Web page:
My First True Love: Bollywood Music
At the age of 13, if I was asked what my favorite song was, my reply would have been, quite embarrassingly I might add, ‘It girl’ by Jason Derulo. On the inside, however, it would actually have been (and still is) “Kal Ho Na Ho” from the movie Kal Ho Na Ho, one of my favorite Bollywood movies of all time.
Starting with the soothing melody, the soulful heartbeat, and the beautiful lyrics, the song instantly became iconic for me. I was very young at the time, about 7 or 8, but the song truly became an important part of my life. From playing it loud and clear on my Dad’s first generation iPod (also just known as a brick these days), to listening to it at home, googling the meaning of every word, to even attempting to finally sing it — the song really provided for many “new beginnings” in my life.
It was the first time I truly appreciated the meaning of any music I had listened to. It was the first time I actually wanted to go to Hindi class, which my parents used to send me to. It was the first time I truly felt a special connection with something.
“Har ghadi badal rahi hai roop zindagi
Every moment life is changing its face
Chaanv hai kabhi, kabhi hai dhoop zindagi
Sometimes it's shade, sometimes it's sun in life
Har pal yahan jee bhar jiyo
Live every moment here, in the fullest
Jo hai samaa, Kal ho naa ho”
Whatever is today, may not be there tomorrow
Javed Akhtar’s beautiful words and Sonu Nigam’s over-the-top, but soothing, soft voice contribute to the wonderful message of this song. Essentially, it means, live every moment you have in the fullest, as you never know, you might never get tomorrow. For what would later be known to me as “YOLO: You Only Live Once”, this song set high expectations for ups-and-downs, love, and the journey of life.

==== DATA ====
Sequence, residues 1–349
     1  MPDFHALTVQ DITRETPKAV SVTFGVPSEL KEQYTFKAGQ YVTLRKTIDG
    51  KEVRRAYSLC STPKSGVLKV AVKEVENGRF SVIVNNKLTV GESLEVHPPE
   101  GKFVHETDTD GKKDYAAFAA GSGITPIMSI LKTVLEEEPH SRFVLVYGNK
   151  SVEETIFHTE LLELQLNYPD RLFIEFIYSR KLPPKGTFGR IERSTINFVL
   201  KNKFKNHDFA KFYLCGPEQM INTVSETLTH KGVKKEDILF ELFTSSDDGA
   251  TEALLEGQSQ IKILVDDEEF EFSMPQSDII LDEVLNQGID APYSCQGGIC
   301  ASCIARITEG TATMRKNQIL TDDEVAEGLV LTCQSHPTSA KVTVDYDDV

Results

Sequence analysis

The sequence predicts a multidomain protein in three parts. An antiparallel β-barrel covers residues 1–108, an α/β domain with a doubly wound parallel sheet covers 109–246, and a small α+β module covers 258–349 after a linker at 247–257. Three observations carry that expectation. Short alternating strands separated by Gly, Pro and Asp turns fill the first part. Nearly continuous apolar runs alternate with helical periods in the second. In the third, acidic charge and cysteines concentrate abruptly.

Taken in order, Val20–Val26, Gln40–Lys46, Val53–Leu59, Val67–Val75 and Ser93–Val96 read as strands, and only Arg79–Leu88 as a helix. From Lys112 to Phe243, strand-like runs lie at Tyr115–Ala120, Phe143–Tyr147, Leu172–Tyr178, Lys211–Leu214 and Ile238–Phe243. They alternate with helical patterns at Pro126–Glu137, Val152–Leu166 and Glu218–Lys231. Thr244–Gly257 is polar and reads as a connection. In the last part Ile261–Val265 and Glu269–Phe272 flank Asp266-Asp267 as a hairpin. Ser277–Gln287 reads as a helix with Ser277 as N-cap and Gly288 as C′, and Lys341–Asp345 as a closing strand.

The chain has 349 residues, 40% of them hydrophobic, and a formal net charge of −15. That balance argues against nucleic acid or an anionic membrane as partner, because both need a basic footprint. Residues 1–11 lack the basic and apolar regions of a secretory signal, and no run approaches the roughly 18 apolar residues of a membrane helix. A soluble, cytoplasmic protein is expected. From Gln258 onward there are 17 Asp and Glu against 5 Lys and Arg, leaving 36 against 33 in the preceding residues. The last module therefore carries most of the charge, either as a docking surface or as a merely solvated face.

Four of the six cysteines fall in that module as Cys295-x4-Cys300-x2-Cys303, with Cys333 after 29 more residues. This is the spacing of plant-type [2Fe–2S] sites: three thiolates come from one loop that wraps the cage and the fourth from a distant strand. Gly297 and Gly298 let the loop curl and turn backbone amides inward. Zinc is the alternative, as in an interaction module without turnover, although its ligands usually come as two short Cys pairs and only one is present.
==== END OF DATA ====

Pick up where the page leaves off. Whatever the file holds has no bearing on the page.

Fast forward a few years from this time and I had arrived in San Jose, California — a diverse suburb in the center of Silicon Valley, teeming with stereotypical Indian aunties and uncles ready to judge me for a variety of reasons. Now, this was sort of a culture shock for me at the time as I originally grew up in Long Island, New York, a vastly different environment from the one I was about to experience. This led to an original apprehension surrounding my new home and my new neighborhood. One thing, however, that I did not realize at first, but would soon learn to greatly appreciate, was the immediate exposure to more of the South Asian Community present in the United States. One fond memory I have is of plonking myself onto my bed after a long days at school, ready to listen to the newest Bollywood songs, watching a Bollywood movie on TV, or even watching a random Indian soap opera with mom and dad (yes, I know how crazy they are).
But among all of these new experiences, it wasn’t, for example, Shah Rukh Khan’s overly exaggerated stammering, or his weird eyebrow twitching or even his classic outspread arms that stuck or connected with me — it was the music that he merely just lip-syncs to.
At the age of 7 or 8, it’s easy to easily admit to loving the culture and the music that we enjoy, totally unconcerned about “cool-ness” or possibly the lack thereof.